Survey experiment to estimate drivers of mental illness stigma

NCT ID: NCT03648931 Recruiting - HIV Prevention Clinical Trials

Microbicide/PrEP Acceptability Among Mothers and Male Partners in Africa

MAMMA
Start date: May 31, 2018
Phase:
Study type: Observational

The MTN-041 study is a multi-site exploratory study using focus group discussions (FGDs) and in-depth interviews (IDIs) to identify individual, interpersonal, social and cultural factors that may affect potential uptake of two safe and effective HIV prevention products, the monthly dapivirine (DPV) vaginal ring (VR) and daily oral pre-exposure prophylaxis (PrEP), by pregnant and breastfeeding women in Africa.

NCT ID: NCT03622073 Recruiting - Incomplete Abortion Clinical Trials

Misoprostol Treatment of Mid Trimester Incomplete Abortion by Midwives and Doctors in Uganda.

Start date: August 14, 2018
Phase: N/A
Study type: Interventional

It is estimated that 47,000 women die every year due to consequences of unsafe abortion globally. The majority of pregnancy related deaths occur in low income countries where induced abortion is restricted, unmet need for contraception is high, and women's status is low. Uganda has a high total fertility rate of 5.4 children per woman, low contraceptive prevalence rate of 39%, and more than half of these pregnancies are unintended. Induced abortion is controversial and restricted in Uganda and legally permitted only to save a woman's life. As a result, women often resort to unsafe abortion- that's either performed by a person lacking the necessary skills or in an environment that does not conform to minimal medical standards. Of the estimated 314,304 women who undergo unsafe abortions each year in Uganda, about 41% receive treatment for complications. This equates to an annual rate of 12 per 1,000 women aged 15-49 years being hospitalized for induced abortion complications, which is considered high in international comparison. In Uganda, outside the larger hospitals and private settings, access to safe post abortion care and surgical facilities are scarce. Studies have showed that trained midwives can deliver safe, effective and acceptable post abortion care using misoprostol in the first trimester. Currently in Uganda, treatment of second trimester incomplete abortion is restricted to physicians. This study will provide evidence on whether treatment for incomplete abortion using misoprostol by mid-level providers can be extended to the early second trimester period. The investigators hypothesize that misoprostol treatment for incomplete second trimester abortion provided by midwives is equivalent to that of physicians requiring no further surgical intervention. Women with incomplete abortion will be randomly allocated to undergo a clinical assessment and treatment with misoprostol either by physician or midwife with safety and effectiveness as main outcomes in the RCT carried out in hospital and high volume health centres in Central Uganda.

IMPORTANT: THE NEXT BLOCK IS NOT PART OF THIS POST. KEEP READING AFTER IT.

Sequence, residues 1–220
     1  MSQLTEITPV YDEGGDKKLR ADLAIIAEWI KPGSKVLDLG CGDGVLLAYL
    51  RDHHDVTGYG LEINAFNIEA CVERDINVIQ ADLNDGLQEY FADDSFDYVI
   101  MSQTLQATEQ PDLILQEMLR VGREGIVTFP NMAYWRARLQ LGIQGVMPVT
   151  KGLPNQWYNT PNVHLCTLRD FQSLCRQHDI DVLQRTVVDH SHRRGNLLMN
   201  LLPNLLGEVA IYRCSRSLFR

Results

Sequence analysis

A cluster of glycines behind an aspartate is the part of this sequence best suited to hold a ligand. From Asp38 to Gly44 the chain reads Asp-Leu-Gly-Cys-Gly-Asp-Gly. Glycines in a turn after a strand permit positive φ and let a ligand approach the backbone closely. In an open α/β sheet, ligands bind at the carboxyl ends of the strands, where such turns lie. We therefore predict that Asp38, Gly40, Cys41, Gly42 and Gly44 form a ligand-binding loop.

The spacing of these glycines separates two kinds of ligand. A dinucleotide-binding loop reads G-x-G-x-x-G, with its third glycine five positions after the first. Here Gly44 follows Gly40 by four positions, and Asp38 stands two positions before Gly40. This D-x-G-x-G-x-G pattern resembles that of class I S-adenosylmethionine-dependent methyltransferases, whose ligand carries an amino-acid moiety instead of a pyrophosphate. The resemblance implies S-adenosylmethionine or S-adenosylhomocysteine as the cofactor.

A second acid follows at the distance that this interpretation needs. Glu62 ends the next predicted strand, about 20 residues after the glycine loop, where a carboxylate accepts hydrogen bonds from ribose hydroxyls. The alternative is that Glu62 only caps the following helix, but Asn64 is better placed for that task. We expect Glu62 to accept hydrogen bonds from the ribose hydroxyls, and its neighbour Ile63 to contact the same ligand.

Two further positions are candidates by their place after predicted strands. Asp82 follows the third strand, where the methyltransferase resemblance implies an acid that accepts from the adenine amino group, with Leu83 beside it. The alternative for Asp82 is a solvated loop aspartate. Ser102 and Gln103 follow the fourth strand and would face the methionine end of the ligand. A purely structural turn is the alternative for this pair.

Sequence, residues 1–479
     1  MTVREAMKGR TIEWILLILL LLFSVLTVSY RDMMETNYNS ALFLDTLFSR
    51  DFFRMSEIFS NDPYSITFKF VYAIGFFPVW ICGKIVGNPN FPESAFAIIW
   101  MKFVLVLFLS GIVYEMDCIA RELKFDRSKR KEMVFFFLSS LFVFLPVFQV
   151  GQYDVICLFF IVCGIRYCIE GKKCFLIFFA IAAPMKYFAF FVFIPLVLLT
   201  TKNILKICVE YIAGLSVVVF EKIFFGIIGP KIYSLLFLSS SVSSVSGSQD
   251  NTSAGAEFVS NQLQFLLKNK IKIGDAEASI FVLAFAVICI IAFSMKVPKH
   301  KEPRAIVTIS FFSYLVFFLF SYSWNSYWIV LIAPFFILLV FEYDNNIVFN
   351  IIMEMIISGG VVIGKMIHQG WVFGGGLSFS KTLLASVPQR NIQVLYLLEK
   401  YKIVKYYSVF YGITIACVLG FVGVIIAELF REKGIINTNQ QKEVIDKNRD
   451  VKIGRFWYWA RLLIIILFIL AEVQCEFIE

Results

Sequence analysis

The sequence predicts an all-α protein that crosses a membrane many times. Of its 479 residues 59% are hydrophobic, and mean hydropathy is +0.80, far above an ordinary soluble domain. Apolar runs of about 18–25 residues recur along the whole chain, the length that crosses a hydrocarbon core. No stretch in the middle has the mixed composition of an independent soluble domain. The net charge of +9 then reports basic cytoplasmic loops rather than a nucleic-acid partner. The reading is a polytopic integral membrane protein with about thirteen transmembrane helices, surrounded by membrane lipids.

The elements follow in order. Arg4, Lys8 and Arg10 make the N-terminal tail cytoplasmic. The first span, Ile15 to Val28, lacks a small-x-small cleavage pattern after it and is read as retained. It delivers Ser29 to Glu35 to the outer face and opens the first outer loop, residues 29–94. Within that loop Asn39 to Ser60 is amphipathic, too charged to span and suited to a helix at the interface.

NCT ID: NCT03615924 Recruiting - Sickle Cell Disease Clinical Trials

Effect of Ticagrelor vs. Placebo in the Reduction of Vaso-occlusive Crises in Pediatric Patients With Sickle Cell Disease

HESTIA3
Start date: September 26, 2018
Phase: Phase 3
Study type: Interventional

The purpose of the study is to Evaluate the Effect of Ticagrelor versus Placebo in Reducing the Rate of Vaso-Occlusive Crises in Paediatric Patients with Sickle Cell Disease

NCT ID: NCT03605043 Completed - Hypertension Clinical Trials

Integrated Hypertension and HIV Care Cascades in Uganda

Start date: January 1, 2014
Phase:
Study type: Observational

In this retrospective cohort study, we mapped the care cascades for both Hypertension and HIV within a HIV program in Uganda with the goal of identifying opportunities for developing contextually appropriate integrated care models, .

NCT ID: NCT03601806 Not yet recruiting - Skin Kaposi Sarcoma Clinical Trials

Pomalidomide in Treating Patients With Kaposi Sarcoma and Human Immunodeficiency Virus Infection

Start date: October 31, 2018
Phase: Phase 2
Study type: Interventional

This phase II clinical trial studies the side effects of pomalidomide and how well it works in treating patients with Kaposi sarcoma and human immunodeficiency virus (HIV) infection. Biological therapies, such as pomalidomide, may stimulate the immune system in different ways and stop tumor cells from growing and it may also block the growth of new blood vessels necessary for tumor growth.

NCT ID: NCT03596996 Recruiting - Hiv Clinical Trials

Optimizing Iron Status While Minimizing Morbidity in HIV-infected Ugandan Children

Start date: April 19, 2018
Phase: N/A
Study type: Interventional

Randomized, placebo-controlled trial of the effect of 84 days of daily iron supplementation on iron status, gut microbiome profile, infectious disease frequency, and HIV disease severity in moderately anemic [hemoglobin 9 - <11 g/dL (6-59 mo); hemoglobin 9 - < 11.5 g/dL (5 -12 years)], HIV-infected Ugandan children between the ages of 6 mos and 12 years.